New Zealand's largest steel manufacturing operation could be forced to close due to proposed changes to the way power costs are determined.
The Electricity Authority is proposing to introduce a location-based pricing scheme, dropping prices in Southland and Otago but raising them in the upper North Island.
Regions that have had grid upgrades would pay more, while those needing more investment would need to pay less.
NZ Steel's general manager John Nowlan says because of that, the company could face an extra $12.1 million in costs annually.
NZ Steel owns the Glenbrook steel mill near Auckland, which produces a large amount of the country's steel requirements and employs more than 1000 people.
"The Electricity Authority's TPM [Transmission Pricing Methodology] guidelines would increase transmission prices to NZ Steel by up to 300 percent with no additional value or benefit, no ability to recover costs, and no options to mitigate usage," says Mr Nowlan.
"NZ Steel is facing a number of regulatory, policy and system changes that could make the steel-making part of our business untenable."
In 2015, NZ Steel's Australian parent company Bluescope warned that its New Zealand business could face up to 1000 job losses and the mothballing of its Glenbrook mill if it didn't cut tens of millions of dollars in costs.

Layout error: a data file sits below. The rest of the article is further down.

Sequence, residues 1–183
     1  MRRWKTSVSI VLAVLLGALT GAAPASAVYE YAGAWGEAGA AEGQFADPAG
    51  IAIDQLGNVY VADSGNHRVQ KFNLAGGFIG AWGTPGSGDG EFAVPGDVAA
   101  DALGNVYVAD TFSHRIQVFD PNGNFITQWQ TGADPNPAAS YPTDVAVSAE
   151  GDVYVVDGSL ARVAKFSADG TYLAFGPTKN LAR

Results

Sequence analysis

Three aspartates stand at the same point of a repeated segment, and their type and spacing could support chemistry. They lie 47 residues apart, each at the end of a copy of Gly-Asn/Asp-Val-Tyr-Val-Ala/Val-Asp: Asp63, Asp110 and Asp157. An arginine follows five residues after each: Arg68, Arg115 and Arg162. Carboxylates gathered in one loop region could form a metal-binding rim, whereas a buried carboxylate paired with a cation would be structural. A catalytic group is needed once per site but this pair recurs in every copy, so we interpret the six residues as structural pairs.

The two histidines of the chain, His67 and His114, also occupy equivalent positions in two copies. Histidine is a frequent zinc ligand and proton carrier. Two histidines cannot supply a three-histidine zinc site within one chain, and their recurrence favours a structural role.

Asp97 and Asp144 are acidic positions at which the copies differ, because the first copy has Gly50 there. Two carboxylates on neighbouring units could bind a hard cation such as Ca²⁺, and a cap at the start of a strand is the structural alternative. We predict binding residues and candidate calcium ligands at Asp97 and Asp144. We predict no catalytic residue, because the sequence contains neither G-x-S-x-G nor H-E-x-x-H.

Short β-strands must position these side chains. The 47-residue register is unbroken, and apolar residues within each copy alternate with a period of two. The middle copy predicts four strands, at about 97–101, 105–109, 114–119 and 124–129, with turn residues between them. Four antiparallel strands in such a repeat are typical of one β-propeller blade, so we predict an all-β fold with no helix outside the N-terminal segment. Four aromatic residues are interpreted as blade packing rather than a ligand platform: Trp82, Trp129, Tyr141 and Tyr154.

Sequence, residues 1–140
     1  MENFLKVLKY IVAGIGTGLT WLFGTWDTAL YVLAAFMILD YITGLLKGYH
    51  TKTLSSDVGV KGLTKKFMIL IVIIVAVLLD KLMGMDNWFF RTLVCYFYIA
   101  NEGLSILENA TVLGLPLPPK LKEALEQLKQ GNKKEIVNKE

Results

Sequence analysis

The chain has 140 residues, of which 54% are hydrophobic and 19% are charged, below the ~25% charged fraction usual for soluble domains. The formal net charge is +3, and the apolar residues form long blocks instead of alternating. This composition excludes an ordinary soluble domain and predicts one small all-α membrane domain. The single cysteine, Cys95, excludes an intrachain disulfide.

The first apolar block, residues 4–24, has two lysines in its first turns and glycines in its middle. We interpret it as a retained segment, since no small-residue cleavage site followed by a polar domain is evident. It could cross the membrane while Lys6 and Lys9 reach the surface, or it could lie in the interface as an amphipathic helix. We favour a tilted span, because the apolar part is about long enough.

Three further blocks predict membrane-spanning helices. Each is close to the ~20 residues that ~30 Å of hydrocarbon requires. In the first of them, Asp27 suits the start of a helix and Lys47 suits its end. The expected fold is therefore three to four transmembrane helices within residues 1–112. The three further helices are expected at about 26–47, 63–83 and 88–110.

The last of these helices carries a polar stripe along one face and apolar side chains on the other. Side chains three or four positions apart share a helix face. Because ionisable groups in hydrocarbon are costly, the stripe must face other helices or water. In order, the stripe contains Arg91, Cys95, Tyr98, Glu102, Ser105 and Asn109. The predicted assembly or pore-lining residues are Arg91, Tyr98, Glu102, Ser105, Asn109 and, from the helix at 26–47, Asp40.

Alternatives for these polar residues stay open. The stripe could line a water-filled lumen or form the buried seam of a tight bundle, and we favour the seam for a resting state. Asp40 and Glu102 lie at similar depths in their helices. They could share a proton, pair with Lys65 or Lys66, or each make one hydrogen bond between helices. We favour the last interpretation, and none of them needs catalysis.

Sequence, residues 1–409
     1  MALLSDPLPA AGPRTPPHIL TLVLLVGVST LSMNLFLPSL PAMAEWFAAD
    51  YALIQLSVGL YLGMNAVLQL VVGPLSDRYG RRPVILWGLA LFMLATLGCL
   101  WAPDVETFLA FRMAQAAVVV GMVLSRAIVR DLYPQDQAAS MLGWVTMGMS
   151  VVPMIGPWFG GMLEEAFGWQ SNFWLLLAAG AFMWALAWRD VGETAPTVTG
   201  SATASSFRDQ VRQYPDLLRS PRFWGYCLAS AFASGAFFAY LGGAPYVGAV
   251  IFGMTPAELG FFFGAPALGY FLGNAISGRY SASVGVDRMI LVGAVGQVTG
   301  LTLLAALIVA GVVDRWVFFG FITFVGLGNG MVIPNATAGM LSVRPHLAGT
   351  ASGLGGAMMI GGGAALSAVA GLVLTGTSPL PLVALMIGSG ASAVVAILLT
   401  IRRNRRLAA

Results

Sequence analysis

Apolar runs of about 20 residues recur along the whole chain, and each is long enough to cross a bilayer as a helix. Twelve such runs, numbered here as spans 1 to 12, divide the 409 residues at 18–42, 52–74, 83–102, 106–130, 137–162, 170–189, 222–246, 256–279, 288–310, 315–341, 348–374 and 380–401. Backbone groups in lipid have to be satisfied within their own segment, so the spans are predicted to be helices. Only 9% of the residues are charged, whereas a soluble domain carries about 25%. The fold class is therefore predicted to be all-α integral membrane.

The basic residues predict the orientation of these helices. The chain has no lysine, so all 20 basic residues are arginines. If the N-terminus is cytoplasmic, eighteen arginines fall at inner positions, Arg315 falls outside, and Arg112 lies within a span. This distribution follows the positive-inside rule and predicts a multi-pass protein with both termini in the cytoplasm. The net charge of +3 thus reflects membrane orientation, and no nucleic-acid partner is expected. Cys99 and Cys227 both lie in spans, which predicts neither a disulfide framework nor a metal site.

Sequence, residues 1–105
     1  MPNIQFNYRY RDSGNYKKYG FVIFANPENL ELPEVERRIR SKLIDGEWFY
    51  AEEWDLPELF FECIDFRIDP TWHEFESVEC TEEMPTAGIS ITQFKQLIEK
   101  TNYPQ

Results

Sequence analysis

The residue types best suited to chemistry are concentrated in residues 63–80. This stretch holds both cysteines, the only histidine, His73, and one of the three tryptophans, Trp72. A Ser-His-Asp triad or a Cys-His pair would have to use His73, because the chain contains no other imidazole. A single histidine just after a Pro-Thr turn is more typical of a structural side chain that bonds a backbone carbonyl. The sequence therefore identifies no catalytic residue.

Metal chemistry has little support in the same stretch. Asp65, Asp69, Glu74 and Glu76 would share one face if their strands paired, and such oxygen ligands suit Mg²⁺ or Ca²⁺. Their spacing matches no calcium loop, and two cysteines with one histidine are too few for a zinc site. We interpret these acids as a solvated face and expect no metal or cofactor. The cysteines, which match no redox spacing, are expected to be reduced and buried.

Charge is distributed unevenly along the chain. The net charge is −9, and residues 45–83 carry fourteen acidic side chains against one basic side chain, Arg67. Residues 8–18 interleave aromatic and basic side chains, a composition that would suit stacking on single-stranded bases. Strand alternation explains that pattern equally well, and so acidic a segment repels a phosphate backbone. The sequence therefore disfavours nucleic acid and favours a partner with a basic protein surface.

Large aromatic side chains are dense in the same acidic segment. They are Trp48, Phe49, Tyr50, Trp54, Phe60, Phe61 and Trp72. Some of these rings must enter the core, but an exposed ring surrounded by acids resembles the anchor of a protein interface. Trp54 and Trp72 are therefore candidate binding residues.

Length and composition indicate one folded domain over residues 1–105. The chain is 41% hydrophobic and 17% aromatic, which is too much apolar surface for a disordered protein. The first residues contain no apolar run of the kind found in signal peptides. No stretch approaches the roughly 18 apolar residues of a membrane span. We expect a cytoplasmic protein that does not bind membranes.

Bluescope also halved the value of its Kiwi assets earlier this year.
It said the write-downs followed a "review of external steel and iron ore price forecasts and discount rates in light of macro-economic and global steel market changes".
For the 2015 financial year, the company lost AU$30.3 million from an AU$73.6 million profit the previous year, in its New Zealand operations.
A group of businesses and government groups have now asked for a judicial review into the Electricity Authority's proposal.
Employers and Manufacturers Association chief executive Kim Campbell says the scheme is being rushed through under the radar.
"To suddenly decide 'we're actually going to change that without actually having a transitional arrangement or letting people know it's going to happen' is actually outrageous. It's a national scandal."
He says the proposed pricing plan will determine prices based on location, rather than use.
"A medium-sized business in Auckland will be paying between $3000 and $7000 a year more for their power. Households could be up to $200 more. [For] bigger users, it could be in the millions. The further north you go, the more difficult it gets."
Mr Campbell says if it goes ahead, there will be increases in power bills and subsequent job losses.
The changes are opposed by Ashburton District Council, Auckland Chamber of Commerce, Counties Power, Counties Power Consumer Trust, EA Networks, EMA, Entrust, Auckland Federated Farmers, Northpower, Norske Skog, Top Energy, Vector and the Green Party.
Electricity Authority chief executive Carl Hansen says everyone will save money over time, as the new pricing model will lead to more efficient investment in the national grid.